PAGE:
Bogdan AurescuIn fact, the membership to the European Union and NATO are Romania’s components of stability and security, and it will remain an important factor for stability in this part of Europe. In this context, it is noteworthy that most likely Bogdan Aurescu — the current Minister of Foreign Affairs — will maintain its position in the Ciolos government. Even if he were changed, it would not mean that Romania would change its foreign policy.

An important event, though less visible, took place in this context in Bucharest on 4 November — the NATO summit of the so-called “eastern flank” officially named the High-Level Reunion of Central and Eastern European States. It bought into attention again the Strategic Partnership with Poland and it emphasized Romania’s important role on the southern flank of NATO, just like Poland’s in the north flank, in view of the threats posed by the Russian Federation.

The meeting evidenced the constant and consensual concern of the Central and Eastern European heads of state and government for the security of the Alliance’s eastern border as well as the attention given to the threats from the “southern flank” — Syria, Iraq, North of Africa, without neglecting the “northern flank” — Baltic and North Sea — for the upcoming NATO summit to be held in Warsaw in 2016.

The main theme dealt with was Russia. Although it was defined by the Strategic Concept from Lisbon as a strategic partner, the recent developments and their course (including the fact that Russia’s Defense Strategy in December 2014 defines NATO as “danger” to national security) have led to changes. Russia compromised the entire security agreement framework in Europe, the system of arms control, acting as an aggressive, revisionist and revanchist player. This is why it is necessary to speak and do continuously more for NATO’s military presence in this region, sized to discourage any of Russia’s adventures (conventional or hybrid).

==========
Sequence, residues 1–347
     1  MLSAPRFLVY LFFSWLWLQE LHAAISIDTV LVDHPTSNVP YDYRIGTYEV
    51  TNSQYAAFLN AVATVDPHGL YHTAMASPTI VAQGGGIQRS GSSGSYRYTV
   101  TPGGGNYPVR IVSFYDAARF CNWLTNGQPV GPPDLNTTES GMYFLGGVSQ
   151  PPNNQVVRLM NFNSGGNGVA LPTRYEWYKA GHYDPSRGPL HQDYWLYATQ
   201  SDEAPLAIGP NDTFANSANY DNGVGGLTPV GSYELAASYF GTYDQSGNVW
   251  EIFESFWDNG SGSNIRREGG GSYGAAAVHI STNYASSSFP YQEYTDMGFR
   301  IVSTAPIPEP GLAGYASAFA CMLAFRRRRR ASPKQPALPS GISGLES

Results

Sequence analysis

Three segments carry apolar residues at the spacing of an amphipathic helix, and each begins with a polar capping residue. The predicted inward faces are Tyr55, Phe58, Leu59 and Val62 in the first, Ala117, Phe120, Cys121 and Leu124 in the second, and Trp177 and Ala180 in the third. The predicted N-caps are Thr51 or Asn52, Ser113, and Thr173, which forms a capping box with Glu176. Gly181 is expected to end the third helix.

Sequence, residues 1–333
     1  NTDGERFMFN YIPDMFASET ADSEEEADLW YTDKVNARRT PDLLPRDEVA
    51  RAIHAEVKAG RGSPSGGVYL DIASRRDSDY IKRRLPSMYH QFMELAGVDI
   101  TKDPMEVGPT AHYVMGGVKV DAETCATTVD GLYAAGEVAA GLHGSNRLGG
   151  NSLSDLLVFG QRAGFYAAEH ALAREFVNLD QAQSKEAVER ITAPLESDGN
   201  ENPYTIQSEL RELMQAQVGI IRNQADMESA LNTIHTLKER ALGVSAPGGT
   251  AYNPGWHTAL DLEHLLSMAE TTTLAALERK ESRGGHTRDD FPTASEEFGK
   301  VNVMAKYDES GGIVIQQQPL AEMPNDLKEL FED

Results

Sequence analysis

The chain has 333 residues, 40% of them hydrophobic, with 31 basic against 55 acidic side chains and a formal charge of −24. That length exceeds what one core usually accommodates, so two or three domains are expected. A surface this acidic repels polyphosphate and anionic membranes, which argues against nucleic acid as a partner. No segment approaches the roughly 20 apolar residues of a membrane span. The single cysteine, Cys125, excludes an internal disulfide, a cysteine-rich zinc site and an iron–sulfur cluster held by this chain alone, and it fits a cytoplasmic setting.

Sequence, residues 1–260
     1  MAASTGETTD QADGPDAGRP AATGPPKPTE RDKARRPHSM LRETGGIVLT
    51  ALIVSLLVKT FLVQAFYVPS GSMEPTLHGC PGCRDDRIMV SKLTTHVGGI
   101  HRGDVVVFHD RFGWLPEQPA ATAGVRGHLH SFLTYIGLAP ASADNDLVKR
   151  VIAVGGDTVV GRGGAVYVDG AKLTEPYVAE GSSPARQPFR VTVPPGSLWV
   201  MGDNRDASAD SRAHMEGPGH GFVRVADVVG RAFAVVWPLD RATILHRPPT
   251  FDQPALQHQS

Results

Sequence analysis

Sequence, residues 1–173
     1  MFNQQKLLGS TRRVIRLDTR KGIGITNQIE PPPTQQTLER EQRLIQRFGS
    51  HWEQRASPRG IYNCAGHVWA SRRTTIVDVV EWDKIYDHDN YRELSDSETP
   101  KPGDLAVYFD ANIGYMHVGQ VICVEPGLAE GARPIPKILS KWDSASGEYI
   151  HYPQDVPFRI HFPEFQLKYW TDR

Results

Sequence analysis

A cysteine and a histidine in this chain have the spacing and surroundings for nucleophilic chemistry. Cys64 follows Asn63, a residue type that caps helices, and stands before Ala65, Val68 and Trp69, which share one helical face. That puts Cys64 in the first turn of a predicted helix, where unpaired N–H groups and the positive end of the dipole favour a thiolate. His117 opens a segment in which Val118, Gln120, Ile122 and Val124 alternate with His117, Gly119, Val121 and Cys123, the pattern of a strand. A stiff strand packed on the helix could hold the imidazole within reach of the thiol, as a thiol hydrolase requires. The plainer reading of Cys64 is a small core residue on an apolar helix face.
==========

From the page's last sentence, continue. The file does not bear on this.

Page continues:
Although the great absent of the meeting was Turkey, in order to maintain the format already used, we consider that the trilateral Poland-Romania-Turkey must be launched again and strengthened, primarily for the extended region of the Black Sea.

All this will allow the USA and NATO to strengthen their positions in the Black Sea and Baltic regions, as well as to create more favorable conditions for the implementation of the decisions of the Wales Summit of the Alliance of September 2014 to build up the NATO's presence in the eastern direction against Russia (including the deployment of a Missile Defense system). As assessed by the NATO Deputy Secretary General Alexander Vershbow who attended the meeting “we will be facing the continuous challenge of a furious and aggressive Russia in the next ten years”.

 

So, the recent developments in Romania showed Russia's another defeat in its geopolitical confrontation with the West. In fact, after the head of the Romanian state in November 2014 was elected K. Johannis, who has clear pro-Western positions, the prospects for restoration of the parliamentary majority headed by the National Liberal Party deprive Russia of any opportunities to maintain its influence in Romania.

Besides, the strengthening of the unity of the Romanian authorities will give Bucharest more opportunities to influence the situation in Moldova, in which is gaining momentum a new political crisis, which is inspired and used by Moscow to restore its influence in the country.

Romania is aware of this reality and together with its EU and NATO partners it is ready to contribute to the fight against this threat, to enforce the international law as it was designed, in respect to the sovereignty, territorial integrity and independence of the states.